For well over a decade, Lotus has been a band constantly in motion.
“We’re touring all the time,” said bassist and sampling artist Jesse Miller prior to Lotus’ headlining show on Friday night at the El Rey.
Whether it’s been an endless touring schedule or a steadfast commitment to writing new studio material, the Philadelphia/Denver-based quintet only knows how to work at one speed.
But while Lotus has lived life in the fast lane since forming at Goshen College in Indiana, it’s also made a point of evolving its sound from one album to the next.
On its latest full-length effort Build, Lotus does just that by tightening any loose ends that may have come undone on its self-titled release in 2011.
“I didn’t want to draw things out,” said Miller, who teams with his twin brother Luke to write all of the band’s music.
“It’s that classic album length where it finishes and you say ‘what just happened there? Let me listen to it again.’”
The 10-track Build off SCI Fidelity Records, which clocks in at roughly 42 minutes, meshes guitar sounds with heavy synths and intermittent hip-hop samples to create a finished product that’s uniquely Lotus.
For instance, “What Did I Do Wrong” and “Kodiak” are two songs that exemplify Lotus’ jam roots as well as its continued interest in electronic dance music.
“This isn’t an album where you sit at home with headphones and a cup of tea,” explained Miller. “It’s this big energy where you can imagine these songs being played live. That’s what sets Build apart as an album.
“It’s this thing we’ve been focusing on and honing for a long time — this idea of building it up into something big, and hopefully the end product is bigger than the sum of its parts…we’ve really hit on something that is the sound of Lotus.”
Yet, despite incorporating a wide range of styles over the years, Lotus has still been forced to fight off the media's stereotypes and labels.
“We’re the band that introduced electronic music to the jam scene 10 years ago,” said Miller. “We were the band playing after the bluegrass band with a bunch of synths and samplers.”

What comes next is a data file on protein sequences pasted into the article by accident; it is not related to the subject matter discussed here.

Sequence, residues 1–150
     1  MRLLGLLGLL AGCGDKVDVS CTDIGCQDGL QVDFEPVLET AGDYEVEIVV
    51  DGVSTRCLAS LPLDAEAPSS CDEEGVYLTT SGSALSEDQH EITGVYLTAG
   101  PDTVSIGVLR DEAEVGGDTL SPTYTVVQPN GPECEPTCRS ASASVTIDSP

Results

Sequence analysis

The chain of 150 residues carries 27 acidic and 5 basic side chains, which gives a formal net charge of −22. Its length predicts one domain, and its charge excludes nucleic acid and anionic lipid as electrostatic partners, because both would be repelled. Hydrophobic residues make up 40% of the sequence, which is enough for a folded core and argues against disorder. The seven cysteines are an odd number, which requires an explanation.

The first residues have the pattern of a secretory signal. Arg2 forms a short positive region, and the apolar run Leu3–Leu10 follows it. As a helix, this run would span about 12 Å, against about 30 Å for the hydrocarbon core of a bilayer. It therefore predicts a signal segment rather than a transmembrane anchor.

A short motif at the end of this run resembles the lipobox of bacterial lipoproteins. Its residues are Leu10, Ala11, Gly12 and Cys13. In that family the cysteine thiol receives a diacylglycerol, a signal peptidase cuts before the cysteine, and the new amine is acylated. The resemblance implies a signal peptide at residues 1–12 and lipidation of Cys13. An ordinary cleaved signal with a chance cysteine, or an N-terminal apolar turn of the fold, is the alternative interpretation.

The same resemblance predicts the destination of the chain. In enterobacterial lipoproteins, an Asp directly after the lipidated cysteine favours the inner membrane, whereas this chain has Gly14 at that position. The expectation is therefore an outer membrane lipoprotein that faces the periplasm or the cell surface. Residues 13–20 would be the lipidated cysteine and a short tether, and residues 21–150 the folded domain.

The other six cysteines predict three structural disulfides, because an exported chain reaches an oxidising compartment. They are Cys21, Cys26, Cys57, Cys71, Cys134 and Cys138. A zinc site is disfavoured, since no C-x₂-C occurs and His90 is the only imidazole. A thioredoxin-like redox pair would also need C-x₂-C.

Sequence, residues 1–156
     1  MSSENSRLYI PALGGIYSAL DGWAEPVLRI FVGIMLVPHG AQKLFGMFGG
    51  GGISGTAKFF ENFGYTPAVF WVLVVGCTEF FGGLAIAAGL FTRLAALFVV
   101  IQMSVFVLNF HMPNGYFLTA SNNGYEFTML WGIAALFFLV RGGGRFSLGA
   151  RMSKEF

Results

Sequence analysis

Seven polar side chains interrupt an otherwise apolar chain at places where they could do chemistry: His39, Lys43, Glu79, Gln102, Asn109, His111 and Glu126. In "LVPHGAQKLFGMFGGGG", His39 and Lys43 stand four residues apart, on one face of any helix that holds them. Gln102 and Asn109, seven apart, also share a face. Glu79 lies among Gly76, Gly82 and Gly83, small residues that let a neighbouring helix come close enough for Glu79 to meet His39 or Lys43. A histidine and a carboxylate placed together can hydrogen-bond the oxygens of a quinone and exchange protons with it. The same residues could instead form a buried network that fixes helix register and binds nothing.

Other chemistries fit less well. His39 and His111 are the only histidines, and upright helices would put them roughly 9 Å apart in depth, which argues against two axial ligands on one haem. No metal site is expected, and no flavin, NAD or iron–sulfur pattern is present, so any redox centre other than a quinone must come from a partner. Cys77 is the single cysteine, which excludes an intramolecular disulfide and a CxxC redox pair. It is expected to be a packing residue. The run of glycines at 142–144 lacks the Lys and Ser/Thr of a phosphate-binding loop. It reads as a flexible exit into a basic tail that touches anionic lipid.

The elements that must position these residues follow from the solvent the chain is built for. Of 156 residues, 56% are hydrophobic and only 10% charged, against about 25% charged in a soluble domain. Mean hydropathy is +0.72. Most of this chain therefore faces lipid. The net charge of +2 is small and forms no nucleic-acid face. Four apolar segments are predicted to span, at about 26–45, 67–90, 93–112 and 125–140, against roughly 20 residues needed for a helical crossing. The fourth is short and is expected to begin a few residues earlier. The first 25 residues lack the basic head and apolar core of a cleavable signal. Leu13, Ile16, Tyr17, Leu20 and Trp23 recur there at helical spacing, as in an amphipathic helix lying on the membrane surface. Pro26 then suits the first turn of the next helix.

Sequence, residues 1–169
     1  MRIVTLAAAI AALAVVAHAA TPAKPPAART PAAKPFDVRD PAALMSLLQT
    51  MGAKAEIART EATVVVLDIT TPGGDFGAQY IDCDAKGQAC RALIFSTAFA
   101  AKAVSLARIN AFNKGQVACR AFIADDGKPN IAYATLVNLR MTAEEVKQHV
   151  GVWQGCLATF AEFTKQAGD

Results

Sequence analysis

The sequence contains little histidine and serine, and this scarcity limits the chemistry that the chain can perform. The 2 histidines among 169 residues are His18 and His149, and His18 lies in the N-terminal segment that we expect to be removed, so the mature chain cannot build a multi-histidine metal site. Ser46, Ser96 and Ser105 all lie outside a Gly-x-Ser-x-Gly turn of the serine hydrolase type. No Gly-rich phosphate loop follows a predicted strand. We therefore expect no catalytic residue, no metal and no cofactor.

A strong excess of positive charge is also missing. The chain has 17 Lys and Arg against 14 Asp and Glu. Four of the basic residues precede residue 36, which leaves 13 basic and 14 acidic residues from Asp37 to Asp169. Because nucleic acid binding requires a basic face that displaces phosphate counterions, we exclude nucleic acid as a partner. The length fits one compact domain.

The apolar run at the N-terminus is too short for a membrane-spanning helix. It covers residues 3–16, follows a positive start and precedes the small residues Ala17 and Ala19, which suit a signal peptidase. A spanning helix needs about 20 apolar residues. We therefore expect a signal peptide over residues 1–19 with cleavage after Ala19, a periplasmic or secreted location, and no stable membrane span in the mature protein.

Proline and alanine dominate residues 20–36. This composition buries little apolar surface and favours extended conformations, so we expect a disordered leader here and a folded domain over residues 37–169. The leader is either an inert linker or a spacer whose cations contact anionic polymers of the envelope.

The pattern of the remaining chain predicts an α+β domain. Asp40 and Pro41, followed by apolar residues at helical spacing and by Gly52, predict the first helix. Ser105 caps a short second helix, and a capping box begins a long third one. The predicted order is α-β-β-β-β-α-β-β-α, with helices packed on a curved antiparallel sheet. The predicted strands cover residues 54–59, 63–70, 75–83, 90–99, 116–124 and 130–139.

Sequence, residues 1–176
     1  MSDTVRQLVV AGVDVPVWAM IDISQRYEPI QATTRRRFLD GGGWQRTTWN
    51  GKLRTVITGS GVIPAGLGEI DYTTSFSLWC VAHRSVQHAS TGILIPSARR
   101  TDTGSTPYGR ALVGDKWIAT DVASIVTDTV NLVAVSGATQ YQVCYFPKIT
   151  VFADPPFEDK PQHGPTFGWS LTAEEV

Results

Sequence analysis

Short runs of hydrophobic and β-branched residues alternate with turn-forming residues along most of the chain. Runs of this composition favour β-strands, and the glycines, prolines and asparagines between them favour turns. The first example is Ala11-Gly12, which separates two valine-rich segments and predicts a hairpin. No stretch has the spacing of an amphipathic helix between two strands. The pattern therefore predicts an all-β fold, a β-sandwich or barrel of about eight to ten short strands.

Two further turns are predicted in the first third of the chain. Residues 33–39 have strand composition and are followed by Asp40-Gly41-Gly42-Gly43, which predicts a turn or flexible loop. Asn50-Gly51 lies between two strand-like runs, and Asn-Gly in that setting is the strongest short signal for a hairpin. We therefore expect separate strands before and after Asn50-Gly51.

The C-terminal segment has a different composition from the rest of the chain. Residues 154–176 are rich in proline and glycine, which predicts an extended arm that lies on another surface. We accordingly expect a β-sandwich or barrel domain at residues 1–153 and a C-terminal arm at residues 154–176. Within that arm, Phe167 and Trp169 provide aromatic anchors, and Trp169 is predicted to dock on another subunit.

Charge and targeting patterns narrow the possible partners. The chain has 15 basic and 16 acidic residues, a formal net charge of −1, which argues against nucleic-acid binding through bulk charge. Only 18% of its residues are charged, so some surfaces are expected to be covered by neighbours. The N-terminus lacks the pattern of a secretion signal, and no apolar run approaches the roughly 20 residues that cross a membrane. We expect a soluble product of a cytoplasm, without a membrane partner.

So, call it “jamtronica” if you like, but that would only be undermining what Lotus is really all about.
“You always want people to take a band or a piece of art at face value for what it is,” continued Miller. “But everybody needs some kind of context, so for better or worse, we’re thrown into that context.”
There are similarities to Lotus no doubt. After all, it’s not uncommon for the band’s fans to enjoy other genre-defying acts such as the Disco Biscuits, Particle and Sound Tribe Sector 9. Even more, it’s well noted that some of Lotus’ earliest influences were jam bands like the Grateful Dead, Allman Brothers and Phish.
For a long time though, many fans believed that jam bands do not flourish in the studio. Maybe it’s because many of them have found a home on the road. Or maybe it’s because their shows regularly extend past the two-hour mark and contain long stretches of improvisation.
Although Lotus has moved away from those tendencies on its last two albums, when it comes to performing live, it hasn’t totally forgotten where it came from.
“I think in our early days, we approached it that everything we wrote had to have these lengthy, improvisational sections,” said Miller. “And in some ways, I found that very limiting.
“When we compose now, we’ll write some things that are open-ended and designed to be this launch pad for live improvisations.”
Like most jam bands today, Lotus’ strongest ties remain on the East Coast and more specifically in the Northeast. Of course, after playing sold-out shows in Boston and New York City at the end of January, it’s easy to see why.
Nevertheless, developing more of a West Coast stronghold is still a work in progress for Miller and his band mates. And with a Friday night gig in the country’s No. 2 market, Lotus should definitely have the El Rey packed after its last stop in the City of Angels more than a year ago.
“I’m really pumped to finally get to L.A. on a weekend,” said Miller. “That show is really going to go off.”
Lotus performs at the El Rey on Friday, March 22. Follow Lotus on Twitter at @LotusTweets.